And some of those experiences for multinational organizations or organizations that have just become truly hybrid, and remote and or expanding in that way, can't replicate some of those face to face experiences, all of which we all admit are important. So how does an organization deal with that? How do they replace those?

Mark Elliot:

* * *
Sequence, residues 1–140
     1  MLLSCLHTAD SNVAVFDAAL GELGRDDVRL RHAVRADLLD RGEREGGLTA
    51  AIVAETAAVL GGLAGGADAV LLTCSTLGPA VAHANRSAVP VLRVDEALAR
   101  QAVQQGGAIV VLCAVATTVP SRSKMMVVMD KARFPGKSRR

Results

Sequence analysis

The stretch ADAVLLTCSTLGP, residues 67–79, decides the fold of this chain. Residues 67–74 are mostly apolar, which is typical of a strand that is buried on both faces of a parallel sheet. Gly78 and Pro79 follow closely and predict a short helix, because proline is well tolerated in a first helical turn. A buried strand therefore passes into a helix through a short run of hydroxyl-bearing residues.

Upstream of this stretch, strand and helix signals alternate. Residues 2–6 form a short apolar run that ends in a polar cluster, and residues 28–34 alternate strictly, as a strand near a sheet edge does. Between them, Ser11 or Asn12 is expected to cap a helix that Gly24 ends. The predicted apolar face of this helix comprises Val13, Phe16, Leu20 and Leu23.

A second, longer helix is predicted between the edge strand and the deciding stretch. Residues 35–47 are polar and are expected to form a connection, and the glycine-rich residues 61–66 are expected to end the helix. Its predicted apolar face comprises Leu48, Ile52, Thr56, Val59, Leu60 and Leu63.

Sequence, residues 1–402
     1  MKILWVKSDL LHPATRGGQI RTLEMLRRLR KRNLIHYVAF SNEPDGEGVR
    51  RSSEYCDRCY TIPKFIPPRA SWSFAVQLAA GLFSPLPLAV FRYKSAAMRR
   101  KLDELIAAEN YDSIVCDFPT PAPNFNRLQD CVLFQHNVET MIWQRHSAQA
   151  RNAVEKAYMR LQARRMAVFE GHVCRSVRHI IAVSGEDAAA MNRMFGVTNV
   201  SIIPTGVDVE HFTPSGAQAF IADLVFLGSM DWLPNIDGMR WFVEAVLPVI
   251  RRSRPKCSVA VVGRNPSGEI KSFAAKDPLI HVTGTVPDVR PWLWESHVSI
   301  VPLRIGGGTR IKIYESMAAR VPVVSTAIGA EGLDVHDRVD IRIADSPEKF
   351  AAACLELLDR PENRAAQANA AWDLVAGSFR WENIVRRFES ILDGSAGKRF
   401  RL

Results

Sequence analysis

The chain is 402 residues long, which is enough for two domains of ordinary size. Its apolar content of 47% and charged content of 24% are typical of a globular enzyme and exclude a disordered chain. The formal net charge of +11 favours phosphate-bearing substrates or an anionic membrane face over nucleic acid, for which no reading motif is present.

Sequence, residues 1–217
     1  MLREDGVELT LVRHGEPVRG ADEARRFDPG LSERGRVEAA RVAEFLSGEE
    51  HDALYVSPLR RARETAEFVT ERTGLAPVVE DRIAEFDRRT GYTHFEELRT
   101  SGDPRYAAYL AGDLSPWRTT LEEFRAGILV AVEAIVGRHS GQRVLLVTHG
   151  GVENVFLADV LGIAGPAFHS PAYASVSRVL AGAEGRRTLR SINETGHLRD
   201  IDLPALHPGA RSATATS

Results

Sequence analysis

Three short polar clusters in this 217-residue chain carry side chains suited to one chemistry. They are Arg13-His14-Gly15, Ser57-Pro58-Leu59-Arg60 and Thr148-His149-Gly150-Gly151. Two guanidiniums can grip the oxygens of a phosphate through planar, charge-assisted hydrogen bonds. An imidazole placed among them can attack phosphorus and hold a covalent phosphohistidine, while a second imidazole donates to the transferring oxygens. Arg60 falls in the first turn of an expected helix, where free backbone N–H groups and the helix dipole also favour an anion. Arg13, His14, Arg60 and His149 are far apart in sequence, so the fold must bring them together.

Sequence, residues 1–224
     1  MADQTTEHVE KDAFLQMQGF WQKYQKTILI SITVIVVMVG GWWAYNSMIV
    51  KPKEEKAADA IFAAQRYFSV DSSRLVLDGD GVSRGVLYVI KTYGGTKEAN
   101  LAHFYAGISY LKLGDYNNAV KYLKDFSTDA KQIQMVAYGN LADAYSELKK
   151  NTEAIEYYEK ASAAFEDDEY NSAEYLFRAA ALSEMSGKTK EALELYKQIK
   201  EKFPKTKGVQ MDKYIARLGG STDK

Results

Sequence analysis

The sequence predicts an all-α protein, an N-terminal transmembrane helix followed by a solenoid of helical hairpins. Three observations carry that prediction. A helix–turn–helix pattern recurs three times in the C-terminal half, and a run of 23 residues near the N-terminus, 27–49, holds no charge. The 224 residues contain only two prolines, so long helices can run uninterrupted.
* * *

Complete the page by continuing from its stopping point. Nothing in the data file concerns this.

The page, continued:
So first of all, what is the appreciation and the understanding of what's at stake, that promotion from within is not automatic success, or Accelerated success, that recruiting from the outside, while science has made it better, there are so much better assessment processes, and therefore better decision making. The role of a really good comprehensive onboarding process for new managers and new leaders is to take the person who is supposed to be successful, and help ensure that they will be successful, and that they'll achieve that success faster. Yeah, so that's the purpose of of having a comprehensive onboarding support process. So the definition changes, the definition is an extended process, not a couple of days, not a week, it's an extended process of support. And in my case, that's typically three to six months of supporting a new leader who's supposed to be successful, and having them be assured of success and contributing to the bottom line faster. The other part of the definition is the new person, the organization's typically responsible for orientation, and whatever onboarding currently exists. This says it's a shared responsibility, where the new leader has a responsibility to to come in and not screw up, to not ignore the differences in the culture to not ignore. Well, in fact, I'll say it another way. Decades of research have shown that there are more than a dozen common keyword, common missteps and mistakes that all new leaders are at risk of making. So they come in and a few of them, they come in, and they have high expectations of themselves, and they try to do too much too soon. They they introduce change, before they've built the foundation for that change, they come in with thinking they know the answer and trying to tell answers too quickly. They may even start with not even a clear understanding of their mandate and their expectations, the list goes on. Right? Any one of those, any one of those can cause the person to fail, or at a minimum to stumble and slow down their progress and, and to cause the organization to have some disruptions.